Despite decades of research on various ion-exchange reactions, the mechanism for Sb substitution remains a mystery [14,17]. A moderate amorphization or high degree of disorder during the Sn-to-Sb replacement observed in our experiments, along with the data discussed above, reveals that Sb predominantly accumulates at grain boundaries or interfaces. Thus, a certain concentration of GBs or surface/interface imperfections may facilitate ion exchange reactions in bulk materials due to numerous defect states originating from the structural disorder [28,29]. The electronic structure of two-dimensional extended defects in SnSe is dominated by anion–anion (Sei−Sei+1) and/or cation–cation (Sni−Sni+1) wrong bonds [30]. Possible replacements of 4p−4p anion-core dangling bonds with Se−Sb with the higher energy of 4p−5p states are energetically unfavorable to initiate ion exchange at the earliest transition stages. Structural and compositional changes observed in 5-to-8 min treated samples using XRD, Raman, and SEM/EDX measurements suggest that Sn−Sn bonds might be the initial centers for starting cation exchange at interfacial defects, as expected from tin-rich conditions (Table S5 in SI). Transition starts with the passivation of strained Sn−Sn bonds (5p−5p) by hydrogen and later chlorine ions with the formation of Sn−Cl units with energetically favored 5p−3p states (See Equation (S2) in SI), a quite common observation for different optoelectronic materials [14,18,31]. Numerous species presented in solution provoke the generation of tin vacancy defects (Equations (S2), (S4) and (S6) in SI) at the interface planes with subsequent extraction of tin atoms driven by complexation with chlorine ions and various glycerin forms [32]. High concentrations of cationic vacancies (VSn) facilitate the penetration of highly charged Sb3+ into the defective material and the occupation of available VSn (Equation (S5)) to ensure electrical neutrality. Experimental data suggest that Sn-to-Sb cation replacement passes through three main stages: (i) incorporation of Sb to SnSe to approximately 8 at. %; (ii) relative transition point with an approximate composition Sn37Sb11Se52 (idealized to Sn3Sb1Se4); and (iii) formation of phase-pure Sb2Se3 after continued cation exchange (Table S5 in SI).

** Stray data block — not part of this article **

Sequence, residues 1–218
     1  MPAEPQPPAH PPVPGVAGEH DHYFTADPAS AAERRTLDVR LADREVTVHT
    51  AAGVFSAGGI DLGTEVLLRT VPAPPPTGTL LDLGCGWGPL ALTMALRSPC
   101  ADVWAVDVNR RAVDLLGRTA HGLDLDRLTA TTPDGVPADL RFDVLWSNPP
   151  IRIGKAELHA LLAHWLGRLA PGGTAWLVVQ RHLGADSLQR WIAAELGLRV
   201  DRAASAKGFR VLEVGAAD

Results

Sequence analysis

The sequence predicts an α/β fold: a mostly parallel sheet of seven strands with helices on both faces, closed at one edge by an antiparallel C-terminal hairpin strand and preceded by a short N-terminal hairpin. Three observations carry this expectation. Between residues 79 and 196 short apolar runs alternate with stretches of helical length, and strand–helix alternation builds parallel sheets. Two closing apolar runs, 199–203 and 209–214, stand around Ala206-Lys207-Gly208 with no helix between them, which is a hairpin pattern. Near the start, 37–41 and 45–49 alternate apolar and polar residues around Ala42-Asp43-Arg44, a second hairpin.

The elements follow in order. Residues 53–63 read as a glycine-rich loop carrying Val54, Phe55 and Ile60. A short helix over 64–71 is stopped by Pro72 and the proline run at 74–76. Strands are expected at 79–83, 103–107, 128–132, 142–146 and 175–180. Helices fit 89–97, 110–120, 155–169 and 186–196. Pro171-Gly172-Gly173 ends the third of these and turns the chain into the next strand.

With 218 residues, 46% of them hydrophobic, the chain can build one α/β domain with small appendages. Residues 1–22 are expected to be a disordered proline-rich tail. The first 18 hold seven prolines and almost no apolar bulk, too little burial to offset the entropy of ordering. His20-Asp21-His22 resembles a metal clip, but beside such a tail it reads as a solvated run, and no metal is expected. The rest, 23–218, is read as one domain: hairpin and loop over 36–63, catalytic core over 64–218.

We conducted DFT calculations to estimate the theoretical capabilities of SnSe to adopt Sb to the level when the formation of possible intermediate phase and subsequent complete phase transition to Sb2Se3 becomes thermodynamically favorable. Computational details can be found in the Methods section, and an overview of the relevant phases and their calculated lattice parameters can be found in Table S7 of the SI. To assess the thermodynamic stability of the Sb content in SnSe, the number of atoms of each species needs to be equal on both sides of the reaction. To complete the energy balance, we corrected the changing cation/anion ratio (Me/Se) by compensating with the energy of βSn0, which is expelled when the Me/Se ratio of compounds shifts from 1.0 to 0.667 and is expected under experimental tin-rich conditions. So, e.g., for a compound Sn2Sb2Se4, the reaction formula reads:
( S n 2 S b 2 ) S e 4 S b 2 S e 3 + S n S e + S n
Equation (1) can be generalized as follows for an impurity cationic concentration x of Sb within SnSe:
S n ( 1 x ) S b x S e   x 2   { S b 2 S e 3 }   +   ( 1 3 2 x ) · { SnSe }   +   x 2   Sn
We evaluated the formation enthalpy of Sb-doped SnSe with respect to the reference energies of defect-free Sb2Se3, SnSe, and Sn phases using the relation:
H 1   = E   { S n ( 1 x ) S b x S e } x 2   · E { Sb 2 Se 3 } ( 1 3 2 x   )   · E { SnSe }   x 2   E { Sn }